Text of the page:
Food scraps can also help improve the health and quality of your garden soil if you use them to make compost. If you grow your own food, you can create fertile soil for growing fruits and veggies by composting leftover scraps. Organic matter attracts more life to your soil by providing yummy meals for decomposers like earthworms. Earthworms — red wigglers, in particular, if you practice vermicomposting — can repair damaged soil, improve its structure, recycle nutrients, and help create an overall better growing environment.

Using food compost can also improve water retention and buffer the pH of your soil, promoting healthier plants. Compost is nature’s ultimate closed-loop system, utilizing food waste from one cycle to make a whole new generation of food to feed others.

Recycled Food Scraps Save You Money

Saving food scraps can even help you save money? Yes! On average, households could save about $370 per person annually by reducing food waste. For a five-person household, this comes out to $1,850 saved in a year. That’s a lot of cabbage!

Not only does reducing your food waste save you money on food in the long run, but depending on what you do with them, repurposing your food scraps can also help you save money on soil and fertilizer (if you turn them into compost), new plants (if you use them to grow more vegetables), animal feed (if you feed them to companion animals), or beauty and cleaning products (if you use them to make these).

Examples of Food Scraps That Can Have a Second Life

With all the food scraps we tend to toss away, where do you start to turn things around in your own kitchen? Here are some parts of foods you might commonly chop and discard that are great to save as recycled food.

  • Fruit and vegetable seeds
  • Ends of vegetables (e.g., green beans, onions, celery, zucchini, and lettuce)
  • Fruit cores
  • Green tops of root vegetables (e.g., carrots, radishes, beets)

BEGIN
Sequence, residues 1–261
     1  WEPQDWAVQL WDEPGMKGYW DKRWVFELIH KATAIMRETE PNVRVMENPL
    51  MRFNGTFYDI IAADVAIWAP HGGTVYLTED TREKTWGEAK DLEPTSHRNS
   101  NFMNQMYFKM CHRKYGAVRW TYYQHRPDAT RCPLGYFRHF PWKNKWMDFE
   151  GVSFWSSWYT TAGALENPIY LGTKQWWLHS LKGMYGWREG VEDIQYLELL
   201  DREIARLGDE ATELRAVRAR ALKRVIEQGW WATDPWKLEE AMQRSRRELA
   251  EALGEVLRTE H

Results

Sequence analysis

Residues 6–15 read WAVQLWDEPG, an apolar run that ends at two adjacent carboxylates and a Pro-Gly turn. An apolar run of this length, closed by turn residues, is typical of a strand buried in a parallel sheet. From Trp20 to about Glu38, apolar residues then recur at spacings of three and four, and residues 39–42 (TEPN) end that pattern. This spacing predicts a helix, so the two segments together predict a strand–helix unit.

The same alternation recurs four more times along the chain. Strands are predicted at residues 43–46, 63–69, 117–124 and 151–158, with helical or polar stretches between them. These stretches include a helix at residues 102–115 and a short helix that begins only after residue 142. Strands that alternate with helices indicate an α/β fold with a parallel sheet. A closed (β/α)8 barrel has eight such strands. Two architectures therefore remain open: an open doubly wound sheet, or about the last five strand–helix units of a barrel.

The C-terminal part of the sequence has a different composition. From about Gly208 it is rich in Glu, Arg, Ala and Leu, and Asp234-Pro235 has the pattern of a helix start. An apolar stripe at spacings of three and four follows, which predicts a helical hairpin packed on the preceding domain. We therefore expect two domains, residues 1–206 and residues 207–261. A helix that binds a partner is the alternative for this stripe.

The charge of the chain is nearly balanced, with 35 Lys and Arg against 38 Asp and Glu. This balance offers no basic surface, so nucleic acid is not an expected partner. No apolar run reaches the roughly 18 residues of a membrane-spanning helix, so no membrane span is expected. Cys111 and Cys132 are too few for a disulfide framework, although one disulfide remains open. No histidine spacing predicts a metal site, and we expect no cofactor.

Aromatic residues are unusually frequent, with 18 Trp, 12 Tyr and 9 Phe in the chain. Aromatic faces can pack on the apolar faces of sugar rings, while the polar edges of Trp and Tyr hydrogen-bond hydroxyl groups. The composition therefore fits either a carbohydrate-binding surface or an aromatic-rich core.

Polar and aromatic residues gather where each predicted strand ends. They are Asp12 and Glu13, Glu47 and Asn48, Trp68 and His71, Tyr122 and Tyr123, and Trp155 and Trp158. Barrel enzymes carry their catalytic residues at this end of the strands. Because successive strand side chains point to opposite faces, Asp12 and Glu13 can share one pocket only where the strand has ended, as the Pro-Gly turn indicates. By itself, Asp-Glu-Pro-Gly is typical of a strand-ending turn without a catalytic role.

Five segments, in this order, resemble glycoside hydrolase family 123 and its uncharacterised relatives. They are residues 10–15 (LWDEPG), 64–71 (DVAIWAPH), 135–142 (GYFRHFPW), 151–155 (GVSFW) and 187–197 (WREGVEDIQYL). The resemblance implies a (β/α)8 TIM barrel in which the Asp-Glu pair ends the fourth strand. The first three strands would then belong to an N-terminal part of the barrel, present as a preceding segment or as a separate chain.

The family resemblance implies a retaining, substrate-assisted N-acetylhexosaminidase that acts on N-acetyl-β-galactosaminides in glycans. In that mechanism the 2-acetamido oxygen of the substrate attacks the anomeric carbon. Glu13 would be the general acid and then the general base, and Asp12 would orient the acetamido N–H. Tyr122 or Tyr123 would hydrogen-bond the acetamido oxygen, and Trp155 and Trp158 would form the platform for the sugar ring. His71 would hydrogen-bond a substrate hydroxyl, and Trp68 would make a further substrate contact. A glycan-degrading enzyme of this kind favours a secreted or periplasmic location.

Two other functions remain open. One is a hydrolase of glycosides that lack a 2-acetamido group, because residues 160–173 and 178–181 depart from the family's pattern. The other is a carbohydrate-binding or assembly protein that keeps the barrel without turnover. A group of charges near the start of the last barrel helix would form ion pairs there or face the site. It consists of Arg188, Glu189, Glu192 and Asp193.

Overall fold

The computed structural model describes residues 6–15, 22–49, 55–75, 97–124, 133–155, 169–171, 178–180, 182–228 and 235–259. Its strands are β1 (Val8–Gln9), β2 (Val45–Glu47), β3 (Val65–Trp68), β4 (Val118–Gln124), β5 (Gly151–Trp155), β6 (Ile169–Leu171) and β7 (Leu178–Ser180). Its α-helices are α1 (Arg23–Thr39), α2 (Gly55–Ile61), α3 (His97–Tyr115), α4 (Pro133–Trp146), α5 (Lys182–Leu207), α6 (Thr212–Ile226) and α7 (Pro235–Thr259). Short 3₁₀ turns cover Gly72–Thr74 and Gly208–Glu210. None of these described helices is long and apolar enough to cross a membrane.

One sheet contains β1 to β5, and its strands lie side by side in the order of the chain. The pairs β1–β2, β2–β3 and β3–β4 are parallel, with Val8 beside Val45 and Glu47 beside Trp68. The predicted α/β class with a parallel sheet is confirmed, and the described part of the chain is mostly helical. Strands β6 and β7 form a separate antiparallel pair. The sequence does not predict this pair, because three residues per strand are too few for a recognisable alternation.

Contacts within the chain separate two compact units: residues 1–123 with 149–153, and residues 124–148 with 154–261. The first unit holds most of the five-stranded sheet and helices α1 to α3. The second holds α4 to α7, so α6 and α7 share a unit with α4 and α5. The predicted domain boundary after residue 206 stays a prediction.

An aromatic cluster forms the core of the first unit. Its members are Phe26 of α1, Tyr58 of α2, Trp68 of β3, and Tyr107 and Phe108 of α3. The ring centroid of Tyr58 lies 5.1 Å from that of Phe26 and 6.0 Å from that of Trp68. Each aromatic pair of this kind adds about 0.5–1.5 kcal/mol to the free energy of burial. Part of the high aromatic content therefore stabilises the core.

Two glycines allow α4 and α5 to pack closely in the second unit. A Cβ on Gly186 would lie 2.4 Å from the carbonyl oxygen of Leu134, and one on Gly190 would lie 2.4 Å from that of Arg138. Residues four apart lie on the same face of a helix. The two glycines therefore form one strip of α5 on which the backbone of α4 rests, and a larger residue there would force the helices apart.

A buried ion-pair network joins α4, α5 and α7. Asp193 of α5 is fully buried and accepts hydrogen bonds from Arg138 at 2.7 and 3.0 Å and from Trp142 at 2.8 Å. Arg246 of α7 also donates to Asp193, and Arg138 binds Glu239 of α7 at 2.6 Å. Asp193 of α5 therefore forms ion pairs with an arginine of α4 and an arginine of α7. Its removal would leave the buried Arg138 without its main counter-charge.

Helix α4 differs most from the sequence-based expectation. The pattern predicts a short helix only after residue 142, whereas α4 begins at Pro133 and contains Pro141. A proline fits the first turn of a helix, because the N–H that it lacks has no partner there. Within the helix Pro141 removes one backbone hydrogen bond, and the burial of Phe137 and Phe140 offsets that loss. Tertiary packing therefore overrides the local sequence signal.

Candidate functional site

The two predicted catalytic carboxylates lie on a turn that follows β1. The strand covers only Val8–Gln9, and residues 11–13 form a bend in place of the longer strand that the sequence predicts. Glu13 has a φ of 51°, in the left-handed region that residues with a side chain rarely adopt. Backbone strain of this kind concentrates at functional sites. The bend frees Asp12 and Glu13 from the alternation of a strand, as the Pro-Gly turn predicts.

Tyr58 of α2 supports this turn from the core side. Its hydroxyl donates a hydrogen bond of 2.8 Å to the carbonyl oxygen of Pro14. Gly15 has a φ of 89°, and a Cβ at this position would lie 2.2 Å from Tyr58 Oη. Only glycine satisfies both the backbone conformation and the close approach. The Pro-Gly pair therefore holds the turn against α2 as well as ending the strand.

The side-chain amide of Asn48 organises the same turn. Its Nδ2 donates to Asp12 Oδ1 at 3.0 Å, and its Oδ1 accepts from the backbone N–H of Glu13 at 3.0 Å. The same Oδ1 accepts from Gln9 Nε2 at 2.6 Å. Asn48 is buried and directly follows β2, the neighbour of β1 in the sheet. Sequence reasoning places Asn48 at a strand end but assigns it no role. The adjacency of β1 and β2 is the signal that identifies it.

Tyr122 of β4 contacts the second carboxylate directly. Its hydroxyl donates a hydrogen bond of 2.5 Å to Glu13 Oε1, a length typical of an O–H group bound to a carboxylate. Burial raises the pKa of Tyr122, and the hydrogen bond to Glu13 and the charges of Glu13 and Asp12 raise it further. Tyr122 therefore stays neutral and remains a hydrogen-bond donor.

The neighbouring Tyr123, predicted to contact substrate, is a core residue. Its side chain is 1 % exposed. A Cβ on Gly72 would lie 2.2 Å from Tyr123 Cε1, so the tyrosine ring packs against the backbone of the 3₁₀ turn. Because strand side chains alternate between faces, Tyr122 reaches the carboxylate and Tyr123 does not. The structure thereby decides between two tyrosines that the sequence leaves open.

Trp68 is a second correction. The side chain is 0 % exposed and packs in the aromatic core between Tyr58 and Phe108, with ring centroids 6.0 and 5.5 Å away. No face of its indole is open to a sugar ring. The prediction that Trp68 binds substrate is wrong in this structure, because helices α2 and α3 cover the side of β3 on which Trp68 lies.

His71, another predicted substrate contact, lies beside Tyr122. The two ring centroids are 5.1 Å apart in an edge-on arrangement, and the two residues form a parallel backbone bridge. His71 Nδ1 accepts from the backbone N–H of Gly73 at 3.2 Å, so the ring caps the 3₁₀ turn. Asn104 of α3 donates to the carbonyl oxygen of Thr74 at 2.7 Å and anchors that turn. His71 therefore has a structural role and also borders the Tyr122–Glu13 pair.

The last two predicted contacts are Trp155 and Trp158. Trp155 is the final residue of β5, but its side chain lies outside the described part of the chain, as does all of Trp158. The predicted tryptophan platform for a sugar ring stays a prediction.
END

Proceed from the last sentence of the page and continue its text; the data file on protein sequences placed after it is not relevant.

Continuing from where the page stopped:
• Herb stems (e.g., basil, parsley, mint, cilantro)
  • Fruit and vegetable peels, rinds, and skins
  • Almond or other nut or legume pulp (from making nut milk, soy milk, etc.)
  • Fruit or vegetable pulp from juicing
  • Coffee grounds, tea leaves, and unbleached tea bags
  • Stems from mushrooms and stalky veggies like broccoli and cauliflower (the parts you don’t eat, that is!)
  • Pretty much anything on a picky eater’s plate

What to Do with Food Scraps

Curious what your most frequently discarded food waste can still be used for? Here are some ways you can turn would-be trash into (repurposed) treasure for a zero-waste kitchen.

Make Your Own Compost

As you’re prepping food or cooking, have a designated bag or food scrap container to save scraps as you go. Rather than throwing scraps into the trash or garbage disposal, toss them in your kitchen scrap container instead. Once your bin is filled, bring it to your compost area. (Pro tip: In warmer climates or during summer months, you may want to make the trip daily, unless you want to DIY a solution for fruit flies.)

Your compost setup might also include vermiculture, or using worms to decompose organic food waste into the nutrient-rich matter you can then use in your soil and garden. Kitchen scraps like vegetable trimmings, green leaves, tea bags, coffee grounds, and seaweed can make up the “greens” of your pile.

Or you can pile everything up in an enclosed space in your yard and let nature take its course without the intentional acceleration provided by red wigglers (chances are that earthworms of one variety or another will turn up to help). Commercially available food waste composters come in a few different styles. One popular design consists of a drum that can turn via a hand crank, which aerates the pile and speeds up the transformation from kitchen trash to soil.

And if you’re in a hurry and have the time and energy to tend to it, consider the Berkeley Hot Compost method, which promises to turn food scraps into rich humus in under 21 days. (That’s humus, not hummus. But if you suddenly find yourself craving hummus, here’s our favorite red pepper version.)

And if you like the latest technological gadgets, you might want to consider a food recycler, which turns compost into soil that’s ready to go into the garden in just a few hours. Seriously. Here’s a popular food recycler from Vitamix.

Check out this post for more information on how to compost at home.

Contribute to a Commercial Composting Program